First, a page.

Batchelor Institute » PhD Candidate awarded an Australia Council Fellowship
default logo

PhD Candidate awarded an Australia Council Fellowship

 

Jenny Fraser, who is currently a PhD Candidate at Batchelor Institute, has been awarded an Australia Council Fellowship at the 5th National Indigenous Arts Award held at the Sydney Opera House, May 27, 2012. Presented by the Australia Council’s Aboriginal and Torres Strait Islander Arts Board, the awards showcase the breadth and vibrancy of Aboriginal and Torres Strait Islander arts and culture in Australia.

Two fellowships of $90,000 over two years were awarded to world-renowned musician Geoffrey Gurrumul Yunupingu and contemporary visual and digital artist Jenny Fraser to produce major cross-artform projects.

Fellowship grants provide financial support for two years to Aboriginal and Torres Strait Islander artists to enable them to undertake a major creative project or program in their artform. For the 2012 round, there was a particular focus on artists working in experimental, media and hybrid arts and were open to cross-artform artists and arts administrators.

This category was open to practising Aboriginal and Torres Strait Islander artists or who are able to demonstrate at least 10 years experience as a practising professional artist or arts worker. Applicants must demonstrate a proven record as a recognised and established professional artist or arts worker, shows artistic merit, innovation and originality of the nominated program for the Fellowship period and also shows wider benefits for the Aboriginal and Torres Strait Islander arts community.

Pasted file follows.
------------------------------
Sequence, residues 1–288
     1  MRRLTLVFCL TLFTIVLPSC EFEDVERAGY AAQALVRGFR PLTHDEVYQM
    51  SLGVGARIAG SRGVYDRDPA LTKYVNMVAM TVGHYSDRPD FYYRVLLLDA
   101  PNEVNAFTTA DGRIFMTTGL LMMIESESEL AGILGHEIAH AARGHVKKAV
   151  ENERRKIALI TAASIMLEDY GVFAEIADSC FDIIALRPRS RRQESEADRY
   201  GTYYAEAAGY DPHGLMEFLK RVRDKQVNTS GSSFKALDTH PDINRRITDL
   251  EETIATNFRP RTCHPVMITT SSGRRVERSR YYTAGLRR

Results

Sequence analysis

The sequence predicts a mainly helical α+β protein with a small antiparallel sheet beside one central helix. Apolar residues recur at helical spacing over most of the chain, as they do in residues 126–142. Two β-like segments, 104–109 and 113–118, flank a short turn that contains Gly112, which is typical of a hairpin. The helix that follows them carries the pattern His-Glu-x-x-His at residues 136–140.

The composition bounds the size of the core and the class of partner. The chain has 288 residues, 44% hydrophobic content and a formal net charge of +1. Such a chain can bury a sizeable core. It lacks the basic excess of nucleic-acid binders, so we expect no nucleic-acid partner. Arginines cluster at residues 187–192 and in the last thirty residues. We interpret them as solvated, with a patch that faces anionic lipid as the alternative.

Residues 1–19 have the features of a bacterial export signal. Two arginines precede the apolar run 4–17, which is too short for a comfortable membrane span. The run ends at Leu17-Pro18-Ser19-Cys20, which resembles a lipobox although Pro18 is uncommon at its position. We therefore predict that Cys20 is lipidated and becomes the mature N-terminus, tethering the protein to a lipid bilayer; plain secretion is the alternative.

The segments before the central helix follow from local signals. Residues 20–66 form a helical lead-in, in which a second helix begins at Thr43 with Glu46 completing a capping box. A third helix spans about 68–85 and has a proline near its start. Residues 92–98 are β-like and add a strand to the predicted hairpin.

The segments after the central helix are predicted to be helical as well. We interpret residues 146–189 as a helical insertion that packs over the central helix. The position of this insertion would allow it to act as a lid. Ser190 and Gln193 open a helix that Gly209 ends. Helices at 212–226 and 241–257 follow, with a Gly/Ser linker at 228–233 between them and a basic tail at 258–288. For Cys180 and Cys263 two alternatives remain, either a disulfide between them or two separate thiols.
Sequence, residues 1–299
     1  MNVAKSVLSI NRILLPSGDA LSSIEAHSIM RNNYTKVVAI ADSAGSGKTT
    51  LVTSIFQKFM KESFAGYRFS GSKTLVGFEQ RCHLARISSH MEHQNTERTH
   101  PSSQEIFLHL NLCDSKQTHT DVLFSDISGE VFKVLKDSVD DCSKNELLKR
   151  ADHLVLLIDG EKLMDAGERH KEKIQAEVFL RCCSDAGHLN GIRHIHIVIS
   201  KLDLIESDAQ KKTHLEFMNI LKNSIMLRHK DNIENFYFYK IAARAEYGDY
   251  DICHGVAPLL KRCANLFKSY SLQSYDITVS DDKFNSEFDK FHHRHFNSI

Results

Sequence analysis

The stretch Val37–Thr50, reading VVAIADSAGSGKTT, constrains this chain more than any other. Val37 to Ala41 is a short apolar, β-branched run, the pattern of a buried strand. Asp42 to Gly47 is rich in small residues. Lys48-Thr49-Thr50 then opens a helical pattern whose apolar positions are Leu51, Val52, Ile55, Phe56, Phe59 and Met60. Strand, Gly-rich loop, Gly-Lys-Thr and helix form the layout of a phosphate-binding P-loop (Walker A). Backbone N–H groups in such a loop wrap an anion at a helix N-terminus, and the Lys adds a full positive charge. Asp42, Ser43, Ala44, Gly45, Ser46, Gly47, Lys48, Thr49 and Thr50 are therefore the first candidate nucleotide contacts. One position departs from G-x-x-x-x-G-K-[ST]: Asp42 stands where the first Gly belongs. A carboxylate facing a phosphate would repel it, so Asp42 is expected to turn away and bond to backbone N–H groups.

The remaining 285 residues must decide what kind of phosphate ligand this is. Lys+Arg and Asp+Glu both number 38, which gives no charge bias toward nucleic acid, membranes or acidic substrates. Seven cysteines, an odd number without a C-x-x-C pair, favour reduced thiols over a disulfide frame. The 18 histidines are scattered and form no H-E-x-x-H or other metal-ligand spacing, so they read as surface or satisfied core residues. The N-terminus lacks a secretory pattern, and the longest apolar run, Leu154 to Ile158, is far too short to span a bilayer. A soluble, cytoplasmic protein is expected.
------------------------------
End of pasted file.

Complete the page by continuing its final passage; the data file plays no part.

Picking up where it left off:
Much of Jenny Fraser’s work as a screen-based visual artist, writer and curator defies categorisation. Through her fellowship she is set to challenge audiences again with her latest unusual digital storytelling project, Midden.

Midden will celebrate unsung heroes and previously unspoken events in a non-linear documentary. Jenny will use shells, along with screen-based and performance elements to enhance, reframe and remix stories, to create new ways of engaging audiences.

Jenny chose to undertake her PhD at Batchelor Institute as it is one of the only Aboriginal Academic Institutions in Australia and has a well earned reputation for its Both-ways philosophy. Her Principal supervisor is Dr Sandy O’Sullivan who is a great advocate for Creative Research.

In 2011 Batchelor Institute was awarded Collaborative Research Network funding from the Commonwealth Department of Innovation, Industry, Science, Research and Tertiary Education to build an Indigenous Researchers and Research Development Project, intended to increase the research capacity of Batchelor Institute with the support of our research partners, Monash University, Charles Darwin University, the Australian Institute of Aboriginal and Torres Strait Islander Studies and the Australian National University.

Beginning in 2012, this three year program aims to directly tackle a national need for Indigenous research and researcher capacity building, researcher critical mass and effective nodes and networks of collaboration across the Institute’s existing areas of research concentration, namely the Creative Arts, Language and Linguistics, and Education. Jenny’s work and profile, as a significant national creative artist, has enriched the research program enormously. Jenny’s PhD work and the work that our other PhD students are undertaking across these important cultural areas, need to continue to be supported, and the CRN Project will provide that opportunity.